NIEHS honored the critical contributions that fellows make to the institute by offering a full slate of events Sept. 15-22. NIEHS expanded the celebration this year from a focus on postdoctoral fellows to include predoctoral and postbaccalaureate fellows as well.
Organized by the NIEHS Trainees Assembly (NTA) and the Office of Fellows’ Career Development (OFCD), this year’s Fellows’ Appreciation Week aimed to be inclusive in both breadth and content. “I am really lucky to work with such a great group of fellows,” said OFCD Director Tammy Collins, Ph.D.
At the inaugural NIEHS Postdoctoral Appreciation Day in 2009, then acting scientific director John Pritchard, Ph.D., declared, “Without our trainees, we don’t have our research. We are thankful that you are here.” This sentiment was echoed by staff and leadership across the institute during the week’s events.
Fellows integral to NIEHS
The diverse events during Fellows’ Appreciation Week meant that fellows could easily find activities that complemented their lab work, career plans, and interests. Events included a welcome for new trainees, career development, and networking opportunities.
Other activities focused on integrating fellows into the institute, such as individually organized lab events, orientations, and an NTA general assembly meeting and trivia challenge. As is customary, trivia focused on facts of historical or current interest at NIEHS and the larger National Institutes of Health (NIH). Fellows were encouraged to increase their odds of winning by teaming up with a staff scientist or lead researcher familiar with the institute.
“It’s a great way to meet people outside of my group and learn about the diverse research conducted at NIEHS,” said Salahuddin Syed, Ph.D., from the DNA Replication Fidelity Group. “I particularly enjoyed the general assembly meeting and trivia contest.” Besides correct answers, teams were rewarded for their clever and humorous names (see sidebar).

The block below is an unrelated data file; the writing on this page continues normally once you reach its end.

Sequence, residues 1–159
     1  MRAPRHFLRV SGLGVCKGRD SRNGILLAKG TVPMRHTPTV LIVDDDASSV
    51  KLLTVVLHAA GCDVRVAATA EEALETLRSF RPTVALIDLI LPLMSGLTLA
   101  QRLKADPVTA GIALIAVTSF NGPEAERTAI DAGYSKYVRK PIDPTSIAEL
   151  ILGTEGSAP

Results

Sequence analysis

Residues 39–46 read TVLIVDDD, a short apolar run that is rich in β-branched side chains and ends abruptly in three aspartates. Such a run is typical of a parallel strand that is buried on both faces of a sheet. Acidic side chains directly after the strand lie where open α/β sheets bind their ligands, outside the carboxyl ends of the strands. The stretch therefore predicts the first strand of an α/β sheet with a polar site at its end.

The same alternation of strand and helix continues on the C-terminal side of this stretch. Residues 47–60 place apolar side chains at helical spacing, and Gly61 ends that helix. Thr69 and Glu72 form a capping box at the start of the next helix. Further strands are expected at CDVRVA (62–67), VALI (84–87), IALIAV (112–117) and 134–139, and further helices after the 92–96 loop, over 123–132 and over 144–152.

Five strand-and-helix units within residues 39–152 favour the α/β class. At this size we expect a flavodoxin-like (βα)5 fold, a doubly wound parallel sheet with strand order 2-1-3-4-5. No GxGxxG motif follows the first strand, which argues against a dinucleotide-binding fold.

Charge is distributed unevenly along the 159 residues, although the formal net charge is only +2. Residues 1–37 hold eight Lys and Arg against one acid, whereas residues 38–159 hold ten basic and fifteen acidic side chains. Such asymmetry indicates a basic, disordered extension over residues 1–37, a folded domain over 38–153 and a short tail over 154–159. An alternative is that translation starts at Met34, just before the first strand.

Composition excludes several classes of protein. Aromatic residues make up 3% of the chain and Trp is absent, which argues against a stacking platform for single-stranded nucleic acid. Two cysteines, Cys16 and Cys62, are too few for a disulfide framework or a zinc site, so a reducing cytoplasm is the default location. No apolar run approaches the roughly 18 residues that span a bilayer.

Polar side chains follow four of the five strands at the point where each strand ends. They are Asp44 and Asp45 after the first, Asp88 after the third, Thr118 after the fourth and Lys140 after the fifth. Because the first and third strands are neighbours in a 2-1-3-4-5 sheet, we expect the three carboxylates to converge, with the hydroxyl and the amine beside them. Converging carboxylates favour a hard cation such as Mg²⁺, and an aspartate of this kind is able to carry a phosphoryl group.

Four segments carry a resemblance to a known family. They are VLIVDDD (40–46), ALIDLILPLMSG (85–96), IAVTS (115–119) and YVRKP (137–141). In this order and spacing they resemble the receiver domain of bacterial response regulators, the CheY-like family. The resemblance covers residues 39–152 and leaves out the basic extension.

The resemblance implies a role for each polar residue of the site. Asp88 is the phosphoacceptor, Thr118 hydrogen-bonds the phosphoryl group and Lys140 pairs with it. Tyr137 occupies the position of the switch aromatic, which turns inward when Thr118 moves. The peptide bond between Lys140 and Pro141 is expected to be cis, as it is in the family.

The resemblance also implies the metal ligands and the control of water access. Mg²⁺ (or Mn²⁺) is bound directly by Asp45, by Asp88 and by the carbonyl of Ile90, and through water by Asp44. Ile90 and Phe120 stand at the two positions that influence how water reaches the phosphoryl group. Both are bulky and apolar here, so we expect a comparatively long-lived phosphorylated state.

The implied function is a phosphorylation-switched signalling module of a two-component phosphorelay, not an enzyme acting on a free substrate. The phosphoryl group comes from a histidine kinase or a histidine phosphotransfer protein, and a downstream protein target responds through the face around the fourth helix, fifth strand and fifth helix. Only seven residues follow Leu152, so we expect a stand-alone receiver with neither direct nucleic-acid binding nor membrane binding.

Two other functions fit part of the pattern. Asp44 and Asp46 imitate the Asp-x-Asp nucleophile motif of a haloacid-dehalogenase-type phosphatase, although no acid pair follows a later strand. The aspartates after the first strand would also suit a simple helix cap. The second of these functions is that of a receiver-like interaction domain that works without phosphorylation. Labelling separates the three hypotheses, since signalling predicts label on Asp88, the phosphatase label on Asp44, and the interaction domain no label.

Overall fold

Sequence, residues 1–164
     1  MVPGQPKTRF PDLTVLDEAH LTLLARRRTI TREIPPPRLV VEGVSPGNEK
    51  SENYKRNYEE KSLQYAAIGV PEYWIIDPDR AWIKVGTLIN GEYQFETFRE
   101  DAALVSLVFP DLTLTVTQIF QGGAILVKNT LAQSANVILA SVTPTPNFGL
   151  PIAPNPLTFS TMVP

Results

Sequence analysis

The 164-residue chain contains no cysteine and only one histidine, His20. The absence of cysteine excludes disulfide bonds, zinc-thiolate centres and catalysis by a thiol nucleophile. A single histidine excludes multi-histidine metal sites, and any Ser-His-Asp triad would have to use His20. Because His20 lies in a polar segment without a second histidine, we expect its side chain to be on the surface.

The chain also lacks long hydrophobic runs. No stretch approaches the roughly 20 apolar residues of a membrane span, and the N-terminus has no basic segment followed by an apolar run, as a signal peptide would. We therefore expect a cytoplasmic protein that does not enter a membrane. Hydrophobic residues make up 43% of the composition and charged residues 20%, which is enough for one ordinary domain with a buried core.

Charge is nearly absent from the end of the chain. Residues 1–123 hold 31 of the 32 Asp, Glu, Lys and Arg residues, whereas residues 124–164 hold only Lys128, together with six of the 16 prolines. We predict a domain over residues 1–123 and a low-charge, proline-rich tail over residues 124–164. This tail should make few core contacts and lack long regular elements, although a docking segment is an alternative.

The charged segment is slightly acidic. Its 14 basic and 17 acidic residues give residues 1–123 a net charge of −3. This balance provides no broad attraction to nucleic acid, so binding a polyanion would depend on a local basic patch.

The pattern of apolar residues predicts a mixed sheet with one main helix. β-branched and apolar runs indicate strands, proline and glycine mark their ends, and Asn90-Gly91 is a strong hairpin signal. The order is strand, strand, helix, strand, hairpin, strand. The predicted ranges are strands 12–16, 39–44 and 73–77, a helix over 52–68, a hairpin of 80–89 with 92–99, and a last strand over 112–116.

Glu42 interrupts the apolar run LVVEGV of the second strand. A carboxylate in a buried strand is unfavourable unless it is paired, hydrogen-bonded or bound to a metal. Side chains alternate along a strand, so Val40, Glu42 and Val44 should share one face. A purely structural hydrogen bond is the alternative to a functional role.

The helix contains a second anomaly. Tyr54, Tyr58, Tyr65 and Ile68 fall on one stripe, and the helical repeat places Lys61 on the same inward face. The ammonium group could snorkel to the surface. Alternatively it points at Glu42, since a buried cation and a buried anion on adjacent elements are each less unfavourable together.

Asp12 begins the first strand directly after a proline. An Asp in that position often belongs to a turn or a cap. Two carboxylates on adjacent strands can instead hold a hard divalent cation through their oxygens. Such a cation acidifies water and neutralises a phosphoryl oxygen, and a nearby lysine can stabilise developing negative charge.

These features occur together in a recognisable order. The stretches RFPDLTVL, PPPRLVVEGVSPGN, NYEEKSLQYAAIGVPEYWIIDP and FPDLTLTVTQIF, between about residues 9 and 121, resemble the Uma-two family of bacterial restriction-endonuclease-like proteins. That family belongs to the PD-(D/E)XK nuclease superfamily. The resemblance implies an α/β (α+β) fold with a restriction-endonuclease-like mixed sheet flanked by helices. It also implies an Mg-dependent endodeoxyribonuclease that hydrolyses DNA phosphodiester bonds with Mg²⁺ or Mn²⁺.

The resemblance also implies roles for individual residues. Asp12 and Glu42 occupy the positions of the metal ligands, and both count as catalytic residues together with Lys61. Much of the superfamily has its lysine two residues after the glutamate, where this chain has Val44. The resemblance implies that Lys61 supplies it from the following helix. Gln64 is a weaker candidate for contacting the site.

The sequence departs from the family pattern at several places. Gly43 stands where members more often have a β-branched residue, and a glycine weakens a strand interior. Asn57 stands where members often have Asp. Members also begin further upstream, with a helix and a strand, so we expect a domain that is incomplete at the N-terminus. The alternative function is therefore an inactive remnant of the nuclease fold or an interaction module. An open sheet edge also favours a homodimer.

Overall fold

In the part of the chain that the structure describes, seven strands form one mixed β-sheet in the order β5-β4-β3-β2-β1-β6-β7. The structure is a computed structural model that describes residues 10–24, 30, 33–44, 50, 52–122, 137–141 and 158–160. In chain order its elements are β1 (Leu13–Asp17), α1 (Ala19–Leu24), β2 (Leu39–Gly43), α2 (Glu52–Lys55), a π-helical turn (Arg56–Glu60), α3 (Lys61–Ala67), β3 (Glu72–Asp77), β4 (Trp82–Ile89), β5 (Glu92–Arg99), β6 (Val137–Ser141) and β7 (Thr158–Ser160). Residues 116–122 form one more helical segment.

Promoting career development
Among the career development opportunities, some fellows participated in a site visit to a local industry, courtesy of the Enhancing Local Industry Transitions Through Exploration (ELITE) Consortium at NIEHS.
For those interested in academia, a peer review of teaching philosophies was offered as part of “Teaching in College,” which is an ongoing course led by education specialist Barbi Honeycutt, Ph.D.
Fellows on all career tracks benefitted from a seminar titled “Building Resilience in the Job Search, at Work, and Throughout Life,” led by Denise Saunders, Ph.D., from the NIH Office of Intramural Training and Education.
NIEHS alumna Jennifer Ingram, Ph.D., helped kick off the yearly Brown Bag Lunch series, which allows fellows to meet with professionals in different fields. Ingram’s event focused on academia. A separate lunch featured alumni Samuel Gattis, Ph.D., and Barbara Wedel, Ph.D., who discussed strategies for entering agricultural biotechnology careers.
At a networking breakfast, fellows’ participation in volunteer activities was recognized. “Having fellows volunteer to write for the Environmental Factor allows us to cover many more stories of interest to our readers than we otherwise could, and we are very grateful for that,” said Kelly Lenox, editor in chief of Environmental Factor.
Informal networking events included a Postbac Cookie Social (see sidebar); an international potluck highlighting the range of cultures represented at the institute; a coffee hour at the off-campus Keystone building, which houses National Toxicology Program fellows; and an evening mixer with NIEHS alumni.
(Simone Otto, Ph.D., is an Intramural Research Training Award fellow in the Ion Channel Physiology Group of the NIEHS Neurobiology Laboratory.)